JMS Topic using Spring and Active MQ

In our previous JMS posts, We learnt about creating JMS Queue, sending message and receiving message from Queue using Active MQ Broker. In this post, we are going to learn how to implement topic using Spring for Active MQ broker.



As we know from our previous post, A JMS client is an application that uses the services of the message broker. There are two types   of clients, Consumer and Producer. Destinations are the place where message get stored for clients. They can be either queues or topics.

In publish/subscribe model, client which produces message is called Publisher and client which consumes message is known as Subscriber.
Topic is a particular destination where Publisher publishes messages. Subscribers subscribe to topic to consume messages. More than one Subscribers can subscribe to same topic and a message can be consumed by many subscribers.


We are going to divide our publisher and subscriber implementation in two part. First we will learn how to create topic and publish a message [XML as String] into topic.

Apache MQ fully supports Spring for configuration of client and message broker. So we will leverage <amq:> tag in our implementation.
As usual we will create Spring JMS template configuration in our spring context file by following these three steps.

Step 1: Configure Connection Factory
Step 2: Configure JMS destination
Step 3: Configure a JMS Template bean Step 4: Define producer bean

Note : JmsTemplate is designed for use with Java EE containers which  provide connection pooling capabilities as standardized by the Java EE specifications. So in Non J2EE container, every call to the JmsTemplate.send() method  creates and destroys all the JMS resources (connections, consumers, and producers).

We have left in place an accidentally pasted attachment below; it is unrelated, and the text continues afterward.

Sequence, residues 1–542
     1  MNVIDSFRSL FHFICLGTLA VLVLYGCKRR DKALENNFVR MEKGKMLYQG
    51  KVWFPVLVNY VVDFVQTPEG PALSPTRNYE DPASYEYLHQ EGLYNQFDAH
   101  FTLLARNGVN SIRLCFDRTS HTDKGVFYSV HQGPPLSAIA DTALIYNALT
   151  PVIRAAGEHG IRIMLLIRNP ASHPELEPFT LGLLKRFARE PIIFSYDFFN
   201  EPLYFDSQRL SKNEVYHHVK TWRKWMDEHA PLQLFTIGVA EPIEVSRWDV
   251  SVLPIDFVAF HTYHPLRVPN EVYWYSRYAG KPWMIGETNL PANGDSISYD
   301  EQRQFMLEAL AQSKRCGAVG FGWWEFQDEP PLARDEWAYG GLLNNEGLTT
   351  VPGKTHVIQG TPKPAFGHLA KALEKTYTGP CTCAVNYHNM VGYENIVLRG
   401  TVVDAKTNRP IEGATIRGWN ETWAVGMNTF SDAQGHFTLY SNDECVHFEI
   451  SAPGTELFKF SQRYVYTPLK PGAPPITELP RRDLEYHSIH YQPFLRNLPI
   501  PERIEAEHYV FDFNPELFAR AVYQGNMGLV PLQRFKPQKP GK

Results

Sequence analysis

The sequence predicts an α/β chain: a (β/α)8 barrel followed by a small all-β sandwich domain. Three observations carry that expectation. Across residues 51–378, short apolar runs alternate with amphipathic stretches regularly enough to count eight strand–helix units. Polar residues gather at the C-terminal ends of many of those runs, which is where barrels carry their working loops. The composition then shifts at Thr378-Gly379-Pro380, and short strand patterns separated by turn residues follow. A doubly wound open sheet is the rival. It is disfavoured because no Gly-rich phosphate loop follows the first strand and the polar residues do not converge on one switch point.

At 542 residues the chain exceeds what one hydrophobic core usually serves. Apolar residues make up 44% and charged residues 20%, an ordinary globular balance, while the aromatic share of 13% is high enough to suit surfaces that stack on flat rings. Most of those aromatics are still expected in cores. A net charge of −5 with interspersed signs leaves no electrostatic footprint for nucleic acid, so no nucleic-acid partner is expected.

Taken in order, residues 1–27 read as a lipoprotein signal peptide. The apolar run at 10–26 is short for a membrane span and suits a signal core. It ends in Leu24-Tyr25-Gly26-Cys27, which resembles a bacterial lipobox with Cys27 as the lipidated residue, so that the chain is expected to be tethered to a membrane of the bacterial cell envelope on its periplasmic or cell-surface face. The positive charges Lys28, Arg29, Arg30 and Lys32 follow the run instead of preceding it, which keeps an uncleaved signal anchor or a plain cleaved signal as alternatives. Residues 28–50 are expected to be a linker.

So, In non J2EE container, You should use a pooled connection factory for sending messages with JmsTemplate.
Apache MQ pointed this problem as JmsTemplate gotchas

As we already know, our producer context xml file will look like this.
appProdContext.xml
We will define our producer bean and leverage Spring JMS template to send message to destination topic.

MessageProducerBean.java
package com.sarf.jms;

import javax.jms.BytesMessage;
import javax.jms.JMSException;
import javax.jms.Message;
import javax.jms.Session;
import org.springframework.jms.core.MessageCreator;
import org.springframework.jms.core.support.JmsGatewaySupport;

public class MessageProducerBean extends JmsGatewaySupport{
  //Method receives String object and send
  //it to destination topic as BytesMessage
  public void sendMessage(final String myMessage) {
   getJmsTemplate().send(new MessageCreator() {
   public Message createMessage(Session session) throws JMSException {
   //Create byte message
   BytesMessage message = session.createBytesMessage();
   message.writeBytes(myMessage.getBytes());
   return message;
   }
   });
 }
}

To send a xml message to destination topic, we will use a simple main class ProducerTest.
ProducerTest.java
package com.sarf.main;

import org.springframework.context.ApplicationContext;
import org.springframework.context.support.ClassPathXmlApplicationContext;
import com.sarf.jms.MessageProducerBean;

public class ProducerTest {   
 public static void main(String[] args) {
    ApplicationContext context =
     new ClassPathXmlApplicationContext("appProdContext.xml");
     MessageProducerBean mp = (MessageProducerBean) 
                  context.getBean("producer");
     String msg = "skhan"+